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Optimal Social Security with Imperfect Tagging

  • Oliver Denk

    (OECD - Economics Department and CEPII)

  • Jean-Baptiste Michau

    (Department of Economics, Ecole Polytechnique - CNRS : UMR7176 - Polytechnique - X)

Workers are exposed to the risk of permanent disability. We rely on a dynamic mechanism design approach to determine how imperfect information on health should optimally be used to improve the trade-off between inducing the able to work and providing insurance against disability. After deriving the fi rst-order conditions to this problem, we calibrate the model to the U.S. economy and run a numerical simulation. The government should offer back-loaded incentives and make strategic use of the difference between the age at which disability occurs and the age of eligibility to disability bene ts. Also, the able who are (mistakenly) tagged as disabled should be encouraged to work until some early retirement age. This makes a decrease in the strictness of the disability test desirable which would reduce the number of disabled who are not awarded the tag and, hence, improve insurance. Finally, we show how the first-best allocation of resources can asymptotically be implemented by making strategic use of the disability test.

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Paper provided by HAL in its series Working Papers with number hal-00796521.

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Date of creation: 04 Mar 2013
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Handle: RePEc:hal:wpaper:hal-00796521
Note: View the original document on HAL open archive server: http://hal.archives-ouvertes.fr/hal-00796521
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  1. Alesina, Alberto F & Ichino, Andrea & Karabarbounis, Loukas, 2007. "Gender Based Taxation and the Division of Family Chores," CEPR Discussion Papers 6591, C.E.P.R. Discussion Papers.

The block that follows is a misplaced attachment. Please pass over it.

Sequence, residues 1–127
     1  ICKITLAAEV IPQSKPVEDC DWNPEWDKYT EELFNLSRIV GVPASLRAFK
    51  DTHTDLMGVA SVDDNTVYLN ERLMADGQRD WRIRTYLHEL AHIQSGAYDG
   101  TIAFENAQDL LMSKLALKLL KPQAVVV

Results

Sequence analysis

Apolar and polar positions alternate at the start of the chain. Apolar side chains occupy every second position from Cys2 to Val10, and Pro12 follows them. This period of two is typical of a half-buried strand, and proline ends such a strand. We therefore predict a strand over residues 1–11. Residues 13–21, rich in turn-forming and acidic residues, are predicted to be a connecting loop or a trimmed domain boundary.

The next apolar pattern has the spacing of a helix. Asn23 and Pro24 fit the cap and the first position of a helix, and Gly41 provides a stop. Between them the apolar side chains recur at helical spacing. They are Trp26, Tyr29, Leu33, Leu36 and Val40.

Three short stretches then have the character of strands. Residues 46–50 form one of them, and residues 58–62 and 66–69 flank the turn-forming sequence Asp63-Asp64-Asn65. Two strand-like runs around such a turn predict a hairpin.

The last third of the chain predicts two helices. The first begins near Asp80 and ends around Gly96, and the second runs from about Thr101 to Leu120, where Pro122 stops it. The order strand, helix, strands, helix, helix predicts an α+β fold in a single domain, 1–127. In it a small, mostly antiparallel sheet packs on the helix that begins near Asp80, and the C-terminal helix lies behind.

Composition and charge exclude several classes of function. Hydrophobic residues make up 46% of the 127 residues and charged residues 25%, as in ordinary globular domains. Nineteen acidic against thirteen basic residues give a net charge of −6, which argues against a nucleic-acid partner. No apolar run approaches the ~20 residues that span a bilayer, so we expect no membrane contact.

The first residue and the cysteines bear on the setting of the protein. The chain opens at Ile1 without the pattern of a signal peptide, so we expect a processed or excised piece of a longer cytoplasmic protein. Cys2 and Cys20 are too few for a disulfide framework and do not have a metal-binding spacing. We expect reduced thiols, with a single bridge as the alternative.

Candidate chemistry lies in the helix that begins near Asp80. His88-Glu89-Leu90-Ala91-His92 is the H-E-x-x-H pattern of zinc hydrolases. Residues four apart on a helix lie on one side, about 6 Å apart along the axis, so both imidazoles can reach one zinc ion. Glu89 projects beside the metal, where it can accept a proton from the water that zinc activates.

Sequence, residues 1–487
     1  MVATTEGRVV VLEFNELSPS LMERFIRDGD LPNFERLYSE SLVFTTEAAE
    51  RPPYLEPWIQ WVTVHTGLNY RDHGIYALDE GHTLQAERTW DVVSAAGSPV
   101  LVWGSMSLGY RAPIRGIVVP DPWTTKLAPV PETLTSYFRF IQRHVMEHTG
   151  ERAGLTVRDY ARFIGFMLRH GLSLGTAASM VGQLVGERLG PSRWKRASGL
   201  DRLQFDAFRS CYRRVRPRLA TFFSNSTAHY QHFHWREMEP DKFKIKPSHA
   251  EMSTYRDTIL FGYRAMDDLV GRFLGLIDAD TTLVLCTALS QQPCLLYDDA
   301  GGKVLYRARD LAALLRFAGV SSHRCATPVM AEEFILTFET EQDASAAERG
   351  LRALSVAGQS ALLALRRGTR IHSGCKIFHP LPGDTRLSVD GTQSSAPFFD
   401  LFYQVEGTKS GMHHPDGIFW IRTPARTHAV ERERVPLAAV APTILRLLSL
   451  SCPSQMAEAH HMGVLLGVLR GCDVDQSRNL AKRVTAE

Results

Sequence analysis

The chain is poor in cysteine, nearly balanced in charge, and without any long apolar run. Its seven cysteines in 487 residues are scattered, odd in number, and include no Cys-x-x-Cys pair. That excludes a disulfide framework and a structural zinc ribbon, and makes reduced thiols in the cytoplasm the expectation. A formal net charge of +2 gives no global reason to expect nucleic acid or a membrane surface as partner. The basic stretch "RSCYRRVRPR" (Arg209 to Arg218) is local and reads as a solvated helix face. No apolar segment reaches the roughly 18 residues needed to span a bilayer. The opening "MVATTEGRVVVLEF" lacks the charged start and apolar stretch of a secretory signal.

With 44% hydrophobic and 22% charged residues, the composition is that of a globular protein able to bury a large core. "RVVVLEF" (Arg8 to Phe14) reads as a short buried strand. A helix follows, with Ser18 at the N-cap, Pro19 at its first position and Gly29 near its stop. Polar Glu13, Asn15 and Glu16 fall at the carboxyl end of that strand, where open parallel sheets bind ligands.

2. Narayana Kocherlakota & Borys Grochulski, 2007. "Nonseparable Preferences and Optimal Social Security systems," Working Papers 2007-1, University of Minnesota, Department of Economics, revised 14 Aug 2007.
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  12. Hugo Benitez-Silva & Moshe Buchinsky & Hiu Man Chan & Sofia Cheidvasser & John Rust, 2000. "How Large is the Bias is Self-Reported Disability?," NBER Working Papers 7526, National Bureau of Economic Research, Inc.
  13. N. Gregory Mankiw & Matthew Weinzierl, 2010. "The Optimal Taxation of Height: A Case Study of Utilitarian Income Redistribution," American Economic Journal: Economic Policy, American Economic Association, vol. 2(1), pages 155-76, February.
  14. Finkelstein, Amy & Luttmer, Erzo F. P. & Notowidigdo, Matthew J., 2008. "What Good Is Wealth without Health? The Effect of Health on the Marginal Utility of Consumption," Working Paper Series rwp08-036, Harvard University, John F. Kennedy School of Government.
  15. Jean-Baptiste Michau, 2011. "Optimal Redistribution with Intensive and Extensive Labor Supply Margins: A Life-Cycle Perspective," Working Papers hal-00639121, HAL.
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  18. Salanie, Bernard, 2002. "Optimal demogrants with imperfect tagging," Economics Letters, Elsevier, vol. 75(3), pages 319-324, May.
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